Revenues for the world’s largest PC-maker Lenovo fell for a third consecutive quarter as global demand for personal computers continue to slump, but the company is not worried, says CFO Wong Wai-Ming.
“We are number one in PC. Clearly, when the market actually returns back to more normal, we will definitely be growing,” Wong Wai-Ming, CFO of Lenovo, told CNBC.
He added that the company is actually seeing higher growth in other businesses such as infrastructure solutions and services.
In its latest earnings report on Wednesday, Lenovo said it expects “the PC market will return to growth” in the second half 2023.
The company posted a revenue decline in the January to March quarter. Revenue in the quarter amounted to $12.63 billion, down 24% from a year ago and marked the third consecutive quarter of year-on-year decline.
“Fiscal year Q4 was the most challenging quarter of the year given pressures from both the PC market and the global economy,” said Lenovo in the earnings report.
But the CFO is optimistic that its non-PC businesses — devices, infrastructure solutions as well as solutions & services — can help diversify the business.
“Our revenue on a full year basis in fact didn’t actually drop that much because the other two business groups have been driving significant growth in part by the infrastructure business. The margin has also been mitigated or compensated by our significant growth in our services business,” said Wong.
Lenovo’s non-PC businesses grew 7% and now consist of nearly 40% of total revenue for the full year through March. The other 60% of revenue still comes from the PC business.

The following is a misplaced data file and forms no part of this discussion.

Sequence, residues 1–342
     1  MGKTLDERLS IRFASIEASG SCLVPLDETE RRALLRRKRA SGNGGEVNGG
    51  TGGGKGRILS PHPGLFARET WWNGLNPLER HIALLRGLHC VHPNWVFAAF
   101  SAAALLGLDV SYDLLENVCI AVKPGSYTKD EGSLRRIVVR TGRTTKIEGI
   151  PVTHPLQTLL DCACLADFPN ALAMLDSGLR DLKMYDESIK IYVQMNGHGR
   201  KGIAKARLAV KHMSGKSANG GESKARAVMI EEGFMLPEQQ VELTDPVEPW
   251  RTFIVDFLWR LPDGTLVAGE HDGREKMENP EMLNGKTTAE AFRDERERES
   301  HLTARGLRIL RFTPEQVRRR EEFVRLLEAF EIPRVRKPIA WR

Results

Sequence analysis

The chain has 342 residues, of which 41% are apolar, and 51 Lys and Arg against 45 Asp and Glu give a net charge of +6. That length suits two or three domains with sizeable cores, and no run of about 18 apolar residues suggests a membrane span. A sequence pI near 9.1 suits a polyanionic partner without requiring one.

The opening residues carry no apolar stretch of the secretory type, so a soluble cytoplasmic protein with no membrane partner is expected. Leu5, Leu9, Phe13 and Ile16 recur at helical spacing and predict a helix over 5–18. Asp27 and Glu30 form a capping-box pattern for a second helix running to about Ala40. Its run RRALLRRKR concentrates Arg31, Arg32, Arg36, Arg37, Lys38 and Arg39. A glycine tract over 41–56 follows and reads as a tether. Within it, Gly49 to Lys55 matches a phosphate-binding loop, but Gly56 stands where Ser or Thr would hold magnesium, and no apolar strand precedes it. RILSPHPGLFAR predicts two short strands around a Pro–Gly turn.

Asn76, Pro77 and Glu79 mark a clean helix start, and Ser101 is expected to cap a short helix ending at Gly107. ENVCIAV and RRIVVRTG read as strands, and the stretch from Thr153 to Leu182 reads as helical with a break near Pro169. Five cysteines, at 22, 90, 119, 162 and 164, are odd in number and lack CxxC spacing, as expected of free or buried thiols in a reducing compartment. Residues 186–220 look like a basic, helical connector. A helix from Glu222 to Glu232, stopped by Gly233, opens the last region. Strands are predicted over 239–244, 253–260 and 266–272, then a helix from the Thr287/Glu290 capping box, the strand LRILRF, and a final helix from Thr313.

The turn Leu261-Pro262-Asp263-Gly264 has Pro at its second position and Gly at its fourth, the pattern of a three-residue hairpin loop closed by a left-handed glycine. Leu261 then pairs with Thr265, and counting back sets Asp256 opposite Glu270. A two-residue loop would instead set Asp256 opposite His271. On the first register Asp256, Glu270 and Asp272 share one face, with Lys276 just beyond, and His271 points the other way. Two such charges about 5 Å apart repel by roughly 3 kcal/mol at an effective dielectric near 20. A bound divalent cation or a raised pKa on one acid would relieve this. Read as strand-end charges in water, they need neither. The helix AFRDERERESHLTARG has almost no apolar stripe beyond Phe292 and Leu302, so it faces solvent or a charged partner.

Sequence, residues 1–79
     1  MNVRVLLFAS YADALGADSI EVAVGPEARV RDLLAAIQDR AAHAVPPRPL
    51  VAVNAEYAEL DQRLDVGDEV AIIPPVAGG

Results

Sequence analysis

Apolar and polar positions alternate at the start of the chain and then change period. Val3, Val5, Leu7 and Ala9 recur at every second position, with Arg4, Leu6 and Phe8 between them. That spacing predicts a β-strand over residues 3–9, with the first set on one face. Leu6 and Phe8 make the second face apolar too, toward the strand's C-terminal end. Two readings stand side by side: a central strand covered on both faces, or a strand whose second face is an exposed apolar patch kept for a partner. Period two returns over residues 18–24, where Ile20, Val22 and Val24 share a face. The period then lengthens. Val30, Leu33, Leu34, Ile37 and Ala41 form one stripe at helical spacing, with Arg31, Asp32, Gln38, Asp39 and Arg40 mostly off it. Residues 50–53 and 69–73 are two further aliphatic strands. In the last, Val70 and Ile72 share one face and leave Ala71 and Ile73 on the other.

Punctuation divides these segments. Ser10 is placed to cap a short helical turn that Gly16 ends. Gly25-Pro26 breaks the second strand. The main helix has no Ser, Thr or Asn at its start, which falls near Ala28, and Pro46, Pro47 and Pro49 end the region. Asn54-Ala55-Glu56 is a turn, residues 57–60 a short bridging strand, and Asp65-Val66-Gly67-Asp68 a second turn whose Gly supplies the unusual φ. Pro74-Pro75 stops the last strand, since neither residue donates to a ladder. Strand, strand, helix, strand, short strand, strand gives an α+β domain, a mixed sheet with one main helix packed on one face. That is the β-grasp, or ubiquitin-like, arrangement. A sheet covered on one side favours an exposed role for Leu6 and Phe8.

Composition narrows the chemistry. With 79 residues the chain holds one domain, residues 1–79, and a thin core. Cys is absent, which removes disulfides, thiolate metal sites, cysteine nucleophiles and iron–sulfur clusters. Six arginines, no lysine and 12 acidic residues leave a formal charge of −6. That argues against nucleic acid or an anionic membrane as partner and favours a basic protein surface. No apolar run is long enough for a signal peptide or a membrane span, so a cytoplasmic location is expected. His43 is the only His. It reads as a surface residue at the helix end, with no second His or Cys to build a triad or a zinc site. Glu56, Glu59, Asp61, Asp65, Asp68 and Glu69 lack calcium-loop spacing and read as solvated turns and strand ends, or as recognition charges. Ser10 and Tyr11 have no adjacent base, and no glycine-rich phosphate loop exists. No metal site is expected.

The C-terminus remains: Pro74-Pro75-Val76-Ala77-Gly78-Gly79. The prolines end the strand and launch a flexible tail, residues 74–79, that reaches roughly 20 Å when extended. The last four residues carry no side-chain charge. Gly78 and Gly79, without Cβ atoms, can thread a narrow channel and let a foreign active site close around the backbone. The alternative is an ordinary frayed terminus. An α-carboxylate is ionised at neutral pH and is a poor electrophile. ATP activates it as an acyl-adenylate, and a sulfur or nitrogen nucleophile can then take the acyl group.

“Our non-PC businesses’ revenue mix increased to nearly 40%. Our clear strategy is working, and our operation is resilient, even in the face of global uncertainties,” said Yuanqing Yang, chairman and CEO of Lenovo Group during the earnings call. “Going forward, we will continue to invest in [research and development] to capture the next wave of growth opportunities, so we are well prepared for the future.”
PC makers were a beneficiary of a pandemic-led boom that saw consumers and firms snap up laptops, tablets and notebooks to transition from working in office to remote work. But as workers returned to the office, PC shipments fell.
Worldwide shipments of desktops and laptops contracted about 30% to 56.9 million units in the first quarter of 2023 as compared to a year ago, according to IDC data.
Lenovo’s devices revenue declined 33% year-to-year in the first quarter.
But Wong is optimistic about artificial intelligence driving the firm’s devices business. The acceleration of digitization, AI and chatbots “actually require devices” to leverage them, Wong told CNBC.
“Eventually we will have three major business growth driving the revenue rather than what we had in the past — just having PC as our primary driver. We will over time have three business groups driving profitability,” said Wong.
Lenovo’s shares were down 1.8% in Thursday morning trade.